Landlord insurance caters to these specific situations that won’t usually be covered by standard home insurance.
Most insurers offer the option of adding multiple properties to your policy, and you may even be able to get a discount on your premiums as a result. However you may find that you need separate policies for each property, so it’s always better to compare your options before committing to a provider to ensure you’re getting the best deal.
You might need contents insurance as a landlord if you’re supplying furniture, fixtures and fittings for your tenants. For example, a landlord contents policy can help with freestanding sofas and beds, floor coverings and electrical appliances. You can generally expect the following to be covered either as standard or with an add-on:
Furniture such as sofas and cabinets
Kitchen appliances like ovens or sinks
Paintings and pictures
Outbuildings such as sheds or outhouses
Gardens and any contents in the garden
Communal areas, if you’re letting your property out to multiple tenants
You might also be able to claim for alternative accommodation for your tenants if any damage to your contents renders the property uninhabitable.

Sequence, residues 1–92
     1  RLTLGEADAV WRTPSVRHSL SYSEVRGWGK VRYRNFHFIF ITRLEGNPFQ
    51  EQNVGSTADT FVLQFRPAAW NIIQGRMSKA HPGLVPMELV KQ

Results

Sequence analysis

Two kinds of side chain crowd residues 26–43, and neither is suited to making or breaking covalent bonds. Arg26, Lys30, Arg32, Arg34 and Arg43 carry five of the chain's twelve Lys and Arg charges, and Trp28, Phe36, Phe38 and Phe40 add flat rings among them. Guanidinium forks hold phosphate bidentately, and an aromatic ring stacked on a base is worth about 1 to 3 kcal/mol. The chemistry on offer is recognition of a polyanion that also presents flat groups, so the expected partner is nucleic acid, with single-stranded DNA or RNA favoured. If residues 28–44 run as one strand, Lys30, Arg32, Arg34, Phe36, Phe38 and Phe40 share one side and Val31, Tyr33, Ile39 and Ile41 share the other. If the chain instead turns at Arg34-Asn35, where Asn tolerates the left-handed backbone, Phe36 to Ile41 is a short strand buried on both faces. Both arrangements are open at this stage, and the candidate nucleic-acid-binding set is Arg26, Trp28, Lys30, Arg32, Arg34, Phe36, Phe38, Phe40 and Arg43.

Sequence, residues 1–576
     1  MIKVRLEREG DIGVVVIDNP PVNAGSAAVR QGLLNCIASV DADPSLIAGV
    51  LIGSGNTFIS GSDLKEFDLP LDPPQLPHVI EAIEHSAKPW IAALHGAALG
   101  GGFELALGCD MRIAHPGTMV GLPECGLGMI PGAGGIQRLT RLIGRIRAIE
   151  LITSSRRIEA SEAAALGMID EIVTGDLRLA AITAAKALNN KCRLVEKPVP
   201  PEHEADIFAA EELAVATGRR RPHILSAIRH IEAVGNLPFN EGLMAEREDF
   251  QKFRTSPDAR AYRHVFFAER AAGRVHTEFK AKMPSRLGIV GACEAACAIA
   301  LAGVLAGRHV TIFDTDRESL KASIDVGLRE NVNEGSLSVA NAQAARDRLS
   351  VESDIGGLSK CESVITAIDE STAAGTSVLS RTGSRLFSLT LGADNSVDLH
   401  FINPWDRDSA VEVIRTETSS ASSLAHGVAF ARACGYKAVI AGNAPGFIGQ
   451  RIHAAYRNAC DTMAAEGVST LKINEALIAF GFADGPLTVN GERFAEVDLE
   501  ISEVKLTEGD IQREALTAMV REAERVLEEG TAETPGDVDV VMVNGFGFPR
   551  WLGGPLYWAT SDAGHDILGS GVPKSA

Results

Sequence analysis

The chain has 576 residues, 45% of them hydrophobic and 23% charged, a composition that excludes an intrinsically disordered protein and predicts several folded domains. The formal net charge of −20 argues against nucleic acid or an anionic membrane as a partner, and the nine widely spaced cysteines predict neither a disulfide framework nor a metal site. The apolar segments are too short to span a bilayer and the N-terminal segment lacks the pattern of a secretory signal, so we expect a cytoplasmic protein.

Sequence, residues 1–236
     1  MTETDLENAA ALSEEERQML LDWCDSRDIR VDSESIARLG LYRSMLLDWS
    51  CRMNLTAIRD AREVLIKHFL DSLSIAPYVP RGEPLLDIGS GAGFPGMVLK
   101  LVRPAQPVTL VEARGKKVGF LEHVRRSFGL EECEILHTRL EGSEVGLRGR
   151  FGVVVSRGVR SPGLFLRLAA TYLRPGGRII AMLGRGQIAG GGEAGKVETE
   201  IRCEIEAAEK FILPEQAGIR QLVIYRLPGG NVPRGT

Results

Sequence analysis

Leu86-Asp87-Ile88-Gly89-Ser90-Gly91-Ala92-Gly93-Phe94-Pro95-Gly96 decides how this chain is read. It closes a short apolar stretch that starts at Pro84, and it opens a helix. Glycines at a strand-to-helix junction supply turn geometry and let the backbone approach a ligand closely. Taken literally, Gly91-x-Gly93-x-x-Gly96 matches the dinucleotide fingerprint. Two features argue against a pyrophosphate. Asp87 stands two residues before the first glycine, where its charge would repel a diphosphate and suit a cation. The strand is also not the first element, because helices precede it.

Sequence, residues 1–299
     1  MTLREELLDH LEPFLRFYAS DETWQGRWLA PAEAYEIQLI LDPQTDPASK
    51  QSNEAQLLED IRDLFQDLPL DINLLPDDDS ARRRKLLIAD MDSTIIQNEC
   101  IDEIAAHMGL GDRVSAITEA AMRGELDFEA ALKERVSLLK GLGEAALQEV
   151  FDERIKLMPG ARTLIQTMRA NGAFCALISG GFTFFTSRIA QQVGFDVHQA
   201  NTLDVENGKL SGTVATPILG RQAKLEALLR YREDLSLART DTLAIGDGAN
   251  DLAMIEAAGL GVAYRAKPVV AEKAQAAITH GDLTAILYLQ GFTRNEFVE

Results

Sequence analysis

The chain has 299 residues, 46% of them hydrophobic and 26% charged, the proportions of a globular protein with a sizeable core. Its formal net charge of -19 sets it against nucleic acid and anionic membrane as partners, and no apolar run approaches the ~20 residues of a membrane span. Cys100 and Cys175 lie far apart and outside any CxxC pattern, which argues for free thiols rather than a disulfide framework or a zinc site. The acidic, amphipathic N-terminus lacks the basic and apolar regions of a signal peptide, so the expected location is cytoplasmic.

Landlords are generally able to claim a tax deduction for the running and maintenance costs of their property, which includes landlord insurance, as well as:
General maintenance and repairs
Water, gas and electricity
Maintenance services like and gardeners
Letting agent fees
Property management fees
The first £1,000 of your property rental income is your property allowance, and therefore it’s tax free. Your total rental income added together, minus all your allowable expenses (including landlord insurance) will give you your profit or loss.
For profit margins of £1,000 or less, you just need to claim for your allowance.
For profits of between £1,000 and £2,500 you need to contact the HMRC to ensure you’re paying the correct tax
For profits of between £2,500 and £9,999 after expenses, or £10,000 or more before expenses, you’ll need to report the income on a self-assessment tax return.
If you live in the property and you are renting a room out, you should clarify whether the agreement is that they are a tenant or a lodger. Essentially, if you’ve agreed you cannot enter their room without their permission this would make them a tenant – and therefore you’d need landlord insurance to be properly covered.